Tony Mastroianni Review Collection

Cruise a Bit Long for "Show Boat"

Cleveland Press June 15, 1965

"Show Boat" is starting to enter that area occupied by such as motherhood and Boy Scouts and anyone who criticizes it is a cad. The performers in this Musicarnival production do nothing to endanger this musical's durable position.

The production, on the other hand, is a rather loose jointed one and runs a trifle too long especially for a show as familiar as this one.

For lovers Magnolia and Gaylord Ravenal producer Johnny Price is fortunate in having Judith McCauley -- winsome and innocent looking -- and Mace Barrett -- handsome and debonair. Their voices are nicely matched for the popular Kern-Hammerstein duets; "Only Make Believe," "You Are Love" and "Why Do I Love You?"

CAPTAIN ANDY is a character full of good cheer and so is Alfred Dennis by the way he looks and acts. As his wife, Cynthia Latham is properly shrewish.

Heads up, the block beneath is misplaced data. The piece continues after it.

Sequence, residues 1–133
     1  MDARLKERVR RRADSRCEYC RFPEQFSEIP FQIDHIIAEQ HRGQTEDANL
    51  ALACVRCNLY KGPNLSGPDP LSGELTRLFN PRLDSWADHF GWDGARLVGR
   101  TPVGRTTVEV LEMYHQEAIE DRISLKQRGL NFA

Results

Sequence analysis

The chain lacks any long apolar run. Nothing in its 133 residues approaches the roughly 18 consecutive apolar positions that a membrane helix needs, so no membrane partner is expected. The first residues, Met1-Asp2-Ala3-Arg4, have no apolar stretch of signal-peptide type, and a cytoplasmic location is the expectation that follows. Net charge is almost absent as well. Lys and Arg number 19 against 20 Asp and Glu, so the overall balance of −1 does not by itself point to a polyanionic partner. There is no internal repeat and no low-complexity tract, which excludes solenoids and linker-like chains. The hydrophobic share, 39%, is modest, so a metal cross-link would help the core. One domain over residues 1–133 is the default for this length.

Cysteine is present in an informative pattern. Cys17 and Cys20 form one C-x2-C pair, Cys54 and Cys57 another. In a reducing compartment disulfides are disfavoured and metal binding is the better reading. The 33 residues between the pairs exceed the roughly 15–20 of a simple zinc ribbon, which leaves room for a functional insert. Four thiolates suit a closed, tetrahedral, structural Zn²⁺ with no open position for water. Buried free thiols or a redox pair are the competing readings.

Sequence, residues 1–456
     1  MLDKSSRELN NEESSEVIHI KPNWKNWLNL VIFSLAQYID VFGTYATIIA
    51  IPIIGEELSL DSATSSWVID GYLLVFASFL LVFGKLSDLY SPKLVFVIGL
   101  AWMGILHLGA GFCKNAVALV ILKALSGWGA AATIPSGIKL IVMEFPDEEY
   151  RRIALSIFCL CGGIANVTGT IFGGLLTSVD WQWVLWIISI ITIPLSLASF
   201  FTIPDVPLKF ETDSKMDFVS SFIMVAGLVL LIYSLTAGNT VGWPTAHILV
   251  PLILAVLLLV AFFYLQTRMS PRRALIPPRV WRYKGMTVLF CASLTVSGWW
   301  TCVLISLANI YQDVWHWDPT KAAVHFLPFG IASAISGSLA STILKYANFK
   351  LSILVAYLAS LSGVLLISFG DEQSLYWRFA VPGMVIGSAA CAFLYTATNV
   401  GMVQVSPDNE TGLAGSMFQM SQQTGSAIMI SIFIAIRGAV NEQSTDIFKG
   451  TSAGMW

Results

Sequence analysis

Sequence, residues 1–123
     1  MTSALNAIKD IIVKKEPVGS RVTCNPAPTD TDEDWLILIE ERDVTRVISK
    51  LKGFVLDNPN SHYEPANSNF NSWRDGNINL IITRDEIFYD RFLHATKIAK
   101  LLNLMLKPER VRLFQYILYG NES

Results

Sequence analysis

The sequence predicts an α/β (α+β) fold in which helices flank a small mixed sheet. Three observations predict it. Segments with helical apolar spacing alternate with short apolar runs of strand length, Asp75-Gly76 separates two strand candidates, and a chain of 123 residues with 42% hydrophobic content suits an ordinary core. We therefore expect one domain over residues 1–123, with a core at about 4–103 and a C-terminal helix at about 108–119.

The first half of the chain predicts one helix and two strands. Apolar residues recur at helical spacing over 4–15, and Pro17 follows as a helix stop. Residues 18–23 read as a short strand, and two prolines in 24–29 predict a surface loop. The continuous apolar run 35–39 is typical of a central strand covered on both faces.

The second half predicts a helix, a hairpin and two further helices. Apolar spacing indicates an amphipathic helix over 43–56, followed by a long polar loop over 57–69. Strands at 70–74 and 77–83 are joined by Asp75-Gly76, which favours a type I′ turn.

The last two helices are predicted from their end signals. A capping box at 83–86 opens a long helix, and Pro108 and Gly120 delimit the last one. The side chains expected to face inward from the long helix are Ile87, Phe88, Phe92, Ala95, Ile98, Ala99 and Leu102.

Lynn Osborne as Julie does an emotional job on "Can't Help Lovin' Dat Man" and "Bill." William C. Smith is Joe, the fellow that sings "Ole' Man River" and though he has a good bass-baritone voice, his rendition of the familiar number was a trifle shaky opening night.

Dick Latessa plays Frank a comic song and dance man. If Musicarnival can hang onto him he would make a very pleasant and capable comic lead for the rest of the summer. His comic bits are skillfully done without being too broad and his singing and dancing are more than adequate.

A FINALE that doesn't come until 11:40 p. m. is too late for even the best of the current musicals and will hardly do at all for a 38-year-old perennial. And therein lies the flaw in this production.

It is too long and much of this could be corrected. Much of it probably will, since some time was lost with balky trap doors and cumbersome props, problems that can be spotted opening night and eliminated later.

But some of the length comes in bits and pieces of material that have been added to brighten a stickily sentimental plot. A Charleston dance number just before the finale isn't done well enough to keep in at any point in the show, and when it comes at 11:35 p. m. it definitely ought to go.

For all of it's sentiment, the play-book for "Show Boat" is still far better than those provided for most musicals. Better to stop worrying about old-fashioned romantics, play it straight and get on to the songs. They are still the best part of this show and the Musicarnival performers do them beautifully.